The IOG’s Digital Governance Applied Research Program explores the historic challenges and opportunities facing public institutions in the digital age – where governments must navigate technological, geo-political and economic volatility, while meeting rising expectations for speed, efficiency, fairness and accountability in the delivery of public services.

Multi-stakeholder and cross-sectoral, our research program examines the impacts of digital culture and technologies on public governance, in policy, service and regulatory contexts with an annual thematic focus (e.g. democratic governance in a networked age, framing innovation: Westminster 2.0).

Digital governance is the central challenge facing governing institutions and societies in the coming decades where no one owns information, power is dispersed and authority and accountability need to be re-conceived. 

What is digital governance and why is digital a governance issue? Westminster parliamentary democracy is widely credited with a high capacity to adapt to societal evolution. Its ability to adapt to the realities of a digital society is putting this claim to the test. Westminster governments were never designed with the digital era in mind.

Two forces – digital and governance – are meeting like tectonic plates, shifting the landscape and giving rise to new peaks and valleys around key governance questions that all Canadians need to be concerned about: Who has real power? How should decisions be made? How can all players make their voices heard and ensure that account is rendered?

Framing Innovation: Westminster 2.0 in the Digital Age

Today, fast-moving and evolving trends in digital technologies are leading to a radical change in citizen expectations. Citizens are changing their approach to interacting with, and relating to, governmental organizations and services. The nature of these evolving interactions is horizontal, empowering and spontaneous. In many ways, the exact opposite of the traditional hierarchical, bureaucratic and rules-based systems government developed over the decades.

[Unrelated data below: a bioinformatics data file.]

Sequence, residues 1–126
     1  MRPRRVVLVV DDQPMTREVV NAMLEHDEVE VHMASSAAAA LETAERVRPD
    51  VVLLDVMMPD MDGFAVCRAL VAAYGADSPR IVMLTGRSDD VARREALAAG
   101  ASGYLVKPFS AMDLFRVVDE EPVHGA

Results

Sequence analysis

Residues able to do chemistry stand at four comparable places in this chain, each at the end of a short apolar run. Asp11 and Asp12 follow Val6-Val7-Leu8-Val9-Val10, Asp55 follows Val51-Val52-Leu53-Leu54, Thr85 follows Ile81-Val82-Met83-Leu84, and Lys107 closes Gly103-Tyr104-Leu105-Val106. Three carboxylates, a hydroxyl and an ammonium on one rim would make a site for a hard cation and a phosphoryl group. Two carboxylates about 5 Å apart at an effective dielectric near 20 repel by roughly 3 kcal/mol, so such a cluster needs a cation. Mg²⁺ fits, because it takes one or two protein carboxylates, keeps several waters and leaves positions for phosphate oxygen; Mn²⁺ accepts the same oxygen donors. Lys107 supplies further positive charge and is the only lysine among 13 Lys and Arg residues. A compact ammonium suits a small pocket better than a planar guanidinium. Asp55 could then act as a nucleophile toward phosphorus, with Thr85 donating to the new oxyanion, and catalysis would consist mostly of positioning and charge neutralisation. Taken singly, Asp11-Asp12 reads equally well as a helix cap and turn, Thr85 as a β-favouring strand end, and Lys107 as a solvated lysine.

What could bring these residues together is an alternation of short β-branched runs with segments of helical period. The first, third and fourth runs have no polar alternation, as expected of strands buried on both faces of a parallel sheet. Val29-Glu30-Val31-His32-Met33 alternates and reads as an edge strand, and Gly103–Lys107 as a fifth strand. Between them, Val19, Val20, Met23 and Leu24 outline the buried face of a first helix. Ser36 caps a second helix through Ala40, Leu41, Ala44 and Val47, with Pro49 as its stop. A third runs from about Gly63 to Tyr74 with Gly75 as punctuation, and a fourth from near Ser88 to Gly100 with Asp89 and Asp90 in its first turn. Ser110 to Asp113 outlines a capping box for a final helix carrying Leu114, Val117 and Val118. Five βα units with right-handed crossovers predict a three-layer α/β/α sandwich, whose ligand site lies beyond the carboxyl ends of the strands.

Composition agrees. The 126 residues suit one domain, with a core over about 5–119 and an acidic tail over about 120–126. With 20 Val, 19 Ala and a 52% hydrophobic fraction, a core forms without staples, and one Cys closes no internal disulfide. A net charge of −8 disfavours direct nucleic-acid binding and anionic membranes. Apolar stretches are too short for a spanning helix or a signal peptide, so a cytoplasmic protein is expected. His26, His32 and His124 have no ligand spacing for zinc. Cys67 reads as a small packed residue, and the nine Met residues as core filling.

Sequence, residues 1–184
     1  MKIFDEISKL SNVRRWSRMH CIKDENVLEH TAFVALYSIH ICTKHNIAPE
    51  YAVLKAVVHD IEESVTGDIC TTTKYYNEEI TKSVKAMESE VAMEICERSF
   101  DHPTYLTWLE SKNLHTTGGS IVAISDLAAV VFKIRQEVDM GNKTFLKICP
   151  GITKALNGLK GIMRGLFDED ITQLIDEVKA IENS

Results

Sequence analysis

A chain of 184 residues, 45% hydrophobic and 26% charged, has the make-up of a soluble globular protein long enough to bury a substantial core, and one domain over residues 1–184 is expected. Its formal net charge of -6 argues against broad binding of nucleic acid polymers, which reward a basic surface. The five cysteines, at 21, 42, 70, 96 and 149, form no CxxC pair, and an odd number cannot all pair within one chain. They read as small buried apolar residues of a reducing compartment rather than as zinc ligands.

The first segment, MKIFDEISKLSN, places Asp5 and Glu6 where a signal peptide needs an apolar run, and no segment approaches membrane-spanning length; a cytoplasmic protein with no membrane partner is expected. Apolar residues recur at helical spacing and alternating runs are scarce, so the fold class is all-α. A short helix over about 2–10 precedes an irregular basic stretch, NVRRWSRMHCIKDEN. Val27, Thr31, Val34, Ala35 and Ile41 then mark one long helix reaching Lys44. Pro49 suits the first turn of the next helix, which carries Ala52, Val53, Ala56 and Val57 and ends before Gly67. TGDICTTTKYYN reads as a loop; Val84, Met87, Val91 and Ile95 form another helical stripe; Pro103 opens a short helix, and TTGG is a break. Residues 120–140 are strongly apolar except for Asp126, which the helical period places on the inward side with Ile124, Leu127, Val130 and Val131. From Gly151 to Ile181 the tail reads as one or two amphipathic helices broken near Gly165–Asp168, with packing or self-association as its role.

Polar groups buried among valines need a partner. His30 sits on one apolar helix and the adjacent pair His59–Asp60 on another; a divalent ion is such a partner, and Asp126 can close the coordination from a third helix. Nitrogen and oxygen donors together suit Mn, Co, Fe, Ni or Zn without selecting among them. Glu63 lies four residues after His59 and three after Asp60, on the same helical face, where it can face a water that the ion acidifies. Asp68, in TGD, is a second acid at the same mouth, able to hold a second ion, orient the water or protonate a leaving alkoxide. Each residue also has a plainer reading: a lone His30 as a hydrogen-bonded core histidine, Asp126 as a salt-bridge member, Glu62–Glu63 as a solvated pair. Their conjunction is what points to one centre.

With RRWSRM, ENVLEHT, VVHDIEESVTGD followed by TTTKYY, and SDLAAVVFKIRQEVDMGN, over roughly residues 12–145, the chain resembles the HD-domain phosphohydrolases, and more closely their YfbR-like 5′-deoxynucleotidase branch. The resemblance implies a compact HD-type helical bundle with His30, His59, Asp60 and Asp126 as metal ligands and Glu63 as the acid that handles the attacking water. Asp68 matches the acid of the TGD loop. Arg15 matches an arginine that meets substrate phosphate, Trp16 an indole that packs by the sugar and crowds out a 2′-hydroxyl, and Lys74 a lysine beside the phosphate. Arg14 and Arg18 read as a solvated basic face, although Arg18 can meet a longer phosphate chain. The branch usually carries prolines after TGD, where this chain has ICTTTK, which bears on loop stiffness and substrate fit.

Framing Innovation: Westminster 2.0 in the Digital Age is an applied research and engagement project initiated by the Ottawa-based Institute on Governance. The initiative seeks to provide a conceptual, behavioural and institutional framework for innovation in the Canadian federal public service; one that positions our public institutions to take full advantage of the digital age and the opportunities it provides to government as we seek to evolve Westminster in the Canadian context.

The project aims to identify guiding principles that challenge the public service to move forward and build on the skills and competencies required for Canada to lead in digital era governance, while considering the realities and constraints that public servants must grapple with as they seek to innovate. The project’s founding premise is that, as we redefine Westminster for the digital era, many of the traditional roles and activities of public servants may require a new orientation.

The guiding question the project seeks to answer is: given the opportunities afforded by the digital age, how do we encourage innovation and responsible risk-taking on the part of public institutions, to ensure that governments meet the challenges imposed by an informed public that increasingly expects engagement in the development of policies and programs, and tangible, visible results within ever tighter timelines?

To probe this central question, three dialogue sessions and the third annual Digital Governance Forum were held between November 2016 and May 2017 involving participants from a broad spectrum of institutions and sectors, including academic institutions, private sector entities and public institutions. 

View the resulting report from the dialogue series entitled The Path to Digital Governance: An Agenda for Public Service Innovation and Excellence.

Democratic Governance in a Networked Age

In 2015 and 2016, the Canada-based Institute on Governance and the UK-based Centre for Public Impact held the first and second annual Digital Governance Forums, bringing together citizens, elected officials, public servants, academics and industry leaders for a lively discussion on ‘Democratic Governance in a Networked Age.’

These Forums were part of the activities of the Digital Governance Partnership, a collaborative project that involved nine academic and public interest institutions with support from the Social Sciences and Humanities Research Council of Canada (SSHRC) as well as public and private supporting institutions. The partnership sought to explore the historic challenges and opportunities facing governing institutions in the digital era by establishing and maintaining an applied digital governance research network. 

Together with its partners, the Institute on Governance and the Centre for Public Impact are grateful to Innovation, Science and Economic Development Canada for commissioning the resulting reports: